In case you were wondering why Michael Fennelly rates an album that collects his demo recordings, here are the chief reasons: he was a founding member and songwriter for the most interesting baroque pop group of the '60s, the Millennium, and he wrote the one hit, "Go Back," for one-hit proto power poppers Crabby Appleton. Most of the other Millennium guys have had collections of their songs released, and it was about time Fennelly got the same treatment. Love Can Change Everything collects songs recorded between 1967 and 1972 and shows off a skilled writer and performer who may have been not quite at the level of his fellow bandmates -- he's not as much an oddball genius as Curt Boettcher was, as hooky a writer as Lee Mallory, or as transcendently poppy as Sandy Salisbury -- but his tender vocals and gentle way with a melody mean that plenty of the songs here are memorable, especially those near the end of the disc that became Crabby Appleton songs. Included on the set are four songs recorded with Boettcher in 1967 that served as something of an audition for entry to the group. It's easy to see why he passed the test, as the tunes are bright and perfectly formed '60s pop. The rest of the disc follows the shifting tides of the era as it gets heavier (the thudding rocker "Breakdown"), then folkier and more introspective on his acoustic guitar demos from summer of 1969, before getting more straightforward on the songs like "Go Back" and "Can't Live My Life Without You" that became Crabby Appleton tracks. The final four songs are pure Laurel Canyon singer/songwriter ballads that show he was definitely plugged into that mood. They are a nice surprise to end the disc and should inspire people to seek out his hard-to-find 1974 solo album Lane Changer (or maybe to pressure Sundazed to reissue it). It may have taken a while for a collection of Fennelly tracks to see the light of day, but Love Can Change Everything shows that his work was definitely worthy of being excavated.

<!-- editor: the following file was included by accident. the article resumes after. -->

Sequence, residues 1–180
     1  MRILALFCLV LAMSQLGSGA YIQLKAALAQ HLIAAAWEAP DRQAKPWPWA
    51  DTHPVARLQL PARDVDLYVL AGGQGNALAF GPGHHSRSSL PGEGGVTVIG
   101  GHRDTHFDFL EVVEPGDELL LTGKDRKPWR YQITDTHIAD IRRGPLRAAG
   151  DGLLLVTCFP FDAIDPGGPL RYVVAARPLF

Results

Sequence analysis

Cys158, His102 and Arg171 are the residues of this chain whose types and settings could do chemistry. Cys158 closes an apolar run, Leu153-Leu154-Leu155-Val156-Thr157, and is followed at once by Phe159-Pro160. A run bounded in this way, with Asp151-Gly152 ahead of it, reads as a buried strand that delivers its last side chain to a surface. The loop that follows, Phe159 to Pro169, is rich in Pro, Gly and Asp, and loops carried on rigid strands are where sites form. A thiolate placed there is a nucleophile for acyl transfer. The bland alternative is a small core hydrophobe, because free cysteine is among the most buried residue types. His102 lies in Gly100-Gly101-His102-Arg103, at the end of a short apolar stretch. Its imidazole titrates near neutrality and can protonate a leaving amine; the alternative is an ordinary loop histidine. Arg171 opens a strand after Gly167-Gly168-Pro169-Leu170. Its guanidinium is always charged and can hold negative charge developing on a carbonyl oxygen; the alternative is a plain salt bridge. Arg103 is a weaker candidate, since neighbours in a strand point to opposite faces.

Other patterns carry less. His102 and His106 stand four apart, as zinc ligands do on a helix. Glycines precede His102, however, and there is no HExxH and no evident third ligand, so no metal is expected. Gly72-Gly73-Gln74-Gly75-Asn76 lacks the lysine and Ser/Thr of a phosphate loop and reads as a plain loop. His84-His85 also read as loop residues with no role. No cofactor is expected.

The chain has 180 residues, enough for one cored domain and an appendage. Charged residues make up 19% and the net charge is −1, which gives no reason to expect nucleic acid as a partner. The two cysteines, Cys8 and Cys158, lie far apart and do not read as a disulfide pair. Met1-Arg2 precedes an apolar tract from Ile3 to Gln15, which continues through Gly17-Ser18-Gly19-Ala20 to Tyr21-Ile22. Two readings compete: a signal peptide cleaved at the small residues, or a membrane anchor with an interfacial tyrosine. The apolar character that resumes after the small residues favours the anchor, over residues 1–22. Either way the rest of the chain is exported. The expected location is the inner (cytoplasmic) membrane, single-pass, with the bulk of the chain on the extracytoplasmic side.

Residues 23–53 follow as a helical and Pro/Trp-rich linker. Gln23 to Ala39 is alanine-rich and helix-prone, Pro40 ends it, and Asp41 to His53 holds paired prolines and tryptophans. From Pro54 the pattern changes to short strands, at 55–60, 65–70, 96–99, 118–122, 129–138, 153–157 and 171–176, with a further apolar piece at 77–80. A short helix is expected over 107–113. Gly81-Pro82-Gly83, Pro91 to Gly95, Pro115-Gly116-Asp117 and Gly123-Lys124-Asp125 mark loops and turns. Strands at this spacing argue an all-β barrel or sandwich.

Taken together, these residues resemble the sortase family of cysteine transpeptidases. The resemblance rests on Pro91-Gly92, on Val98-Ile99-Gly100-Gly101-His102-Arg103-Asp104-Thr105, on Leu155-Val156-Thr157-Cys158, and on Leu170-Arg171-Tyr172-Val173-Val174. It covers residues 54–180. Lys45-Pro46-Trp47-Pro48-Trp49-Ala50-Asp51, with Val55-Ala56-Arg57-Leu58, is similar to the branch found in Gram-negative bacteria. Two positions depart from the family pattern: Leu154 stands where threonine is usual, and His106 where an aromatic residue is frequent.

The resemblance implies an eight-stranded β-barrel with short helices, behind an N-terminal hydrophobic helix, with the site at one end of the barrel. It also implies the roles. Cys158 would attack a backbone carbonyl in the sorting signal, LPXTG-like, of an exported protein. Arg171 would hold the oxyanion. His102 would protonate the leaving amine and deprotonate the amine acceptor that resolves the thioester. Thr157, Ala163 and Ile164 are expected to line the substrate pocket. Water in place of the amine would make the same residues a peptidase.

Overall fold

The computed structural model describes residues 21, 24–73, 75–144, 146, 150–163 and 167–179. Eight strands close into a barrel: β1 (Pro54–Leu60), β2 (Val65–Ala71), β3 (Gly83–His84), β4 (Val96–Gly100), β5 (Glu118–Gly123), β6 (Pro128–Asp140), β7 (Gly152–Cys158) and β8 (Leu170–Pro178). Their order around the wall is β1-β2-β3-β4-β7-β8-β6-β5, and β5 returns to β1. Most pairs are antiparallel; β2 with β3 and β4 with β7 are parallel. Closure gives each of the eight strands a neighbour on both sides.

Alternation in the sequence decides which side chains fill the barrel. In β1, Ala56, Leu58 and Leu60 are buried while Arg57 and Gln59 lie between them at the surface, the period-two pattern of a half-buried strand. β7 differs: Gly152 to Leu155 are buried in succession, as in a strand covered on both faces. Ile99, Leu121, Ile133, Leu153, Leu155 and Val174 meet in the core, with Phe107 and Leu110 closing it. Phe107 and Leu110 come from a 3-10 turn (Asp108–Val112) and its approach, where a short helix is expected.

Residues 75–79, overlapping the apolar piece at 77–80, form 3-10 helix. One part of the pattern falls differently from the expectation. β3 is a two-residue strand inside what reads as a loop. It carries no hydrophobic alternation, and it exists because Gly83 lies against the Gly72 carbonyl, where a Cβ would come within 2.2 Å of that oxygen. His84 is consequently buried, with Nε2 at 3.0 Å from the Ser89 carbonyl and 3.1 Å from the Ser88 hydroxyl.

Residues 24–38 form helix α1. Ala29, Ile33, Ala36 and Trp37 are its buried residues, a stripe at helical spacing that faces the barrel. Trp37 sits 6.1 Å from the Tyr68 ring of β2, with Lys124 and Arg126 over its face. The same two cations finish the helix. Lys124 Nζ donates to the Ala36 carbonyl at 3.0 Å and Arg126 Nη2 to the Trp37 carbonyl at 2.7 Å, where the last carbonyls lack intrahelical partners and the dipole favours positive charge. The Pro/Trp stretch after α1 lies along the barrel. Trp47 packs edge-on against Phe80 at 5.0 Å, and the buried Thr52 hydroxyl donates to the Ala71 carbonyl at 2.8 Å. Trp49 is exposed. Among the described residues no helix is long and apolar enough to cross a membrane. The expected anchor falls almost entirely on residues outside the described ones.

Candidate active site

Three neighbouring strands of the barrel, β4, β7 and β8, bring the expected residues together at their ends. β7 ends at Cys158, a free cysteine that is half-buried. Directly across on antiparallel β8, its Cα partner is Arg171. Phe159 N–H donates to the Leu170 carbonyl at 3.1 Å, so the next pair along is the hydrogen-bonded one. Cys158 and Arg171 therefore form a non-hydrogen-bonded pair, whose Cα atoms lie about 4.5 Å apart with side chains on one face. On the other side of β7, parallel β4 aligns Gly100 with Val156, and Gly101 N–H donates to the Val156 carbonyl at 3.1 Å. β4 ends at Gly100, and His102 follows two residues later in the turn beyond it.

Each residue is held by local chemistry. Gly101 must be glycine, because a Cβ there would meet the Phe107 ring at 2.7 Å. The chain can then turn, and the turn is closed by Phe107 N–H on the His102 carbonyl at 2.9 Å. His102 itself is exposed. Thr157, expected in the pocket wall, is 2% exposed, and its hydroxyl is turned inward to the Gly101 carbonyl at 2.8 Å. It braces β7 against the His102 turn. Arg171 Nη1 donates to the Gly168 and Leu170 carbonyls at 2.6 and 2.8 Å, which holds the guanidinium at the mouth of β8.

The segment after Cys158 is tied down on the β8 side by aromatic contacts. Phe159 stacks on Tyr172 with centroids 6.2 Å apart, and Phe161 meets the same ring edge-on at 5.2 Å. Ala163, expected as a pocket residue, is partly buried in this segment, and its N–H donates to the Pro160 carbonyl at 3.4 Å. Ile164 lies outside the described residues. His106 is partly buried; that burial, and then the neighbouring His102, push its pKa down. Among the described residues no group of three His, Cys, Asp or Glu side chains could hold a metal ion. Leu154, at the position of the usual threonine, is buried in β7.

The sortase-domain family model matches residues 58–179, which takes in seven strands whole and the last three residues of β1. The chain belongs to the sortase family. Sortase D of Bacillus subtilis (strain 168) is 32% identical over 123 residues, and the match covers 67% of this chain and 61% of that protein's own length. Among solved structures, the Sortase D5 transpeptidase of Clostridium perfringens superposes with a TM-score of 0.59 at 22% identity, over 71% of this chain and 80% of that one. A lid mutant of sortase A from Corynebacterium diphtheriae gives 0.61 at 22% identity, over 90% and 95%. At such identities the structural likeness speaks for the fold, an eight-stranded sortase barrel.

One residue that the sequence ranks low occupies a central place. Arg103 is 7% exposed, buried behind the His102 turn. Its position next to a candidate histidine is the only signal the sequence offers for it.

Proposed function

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AllMusic Review by Tim Sendra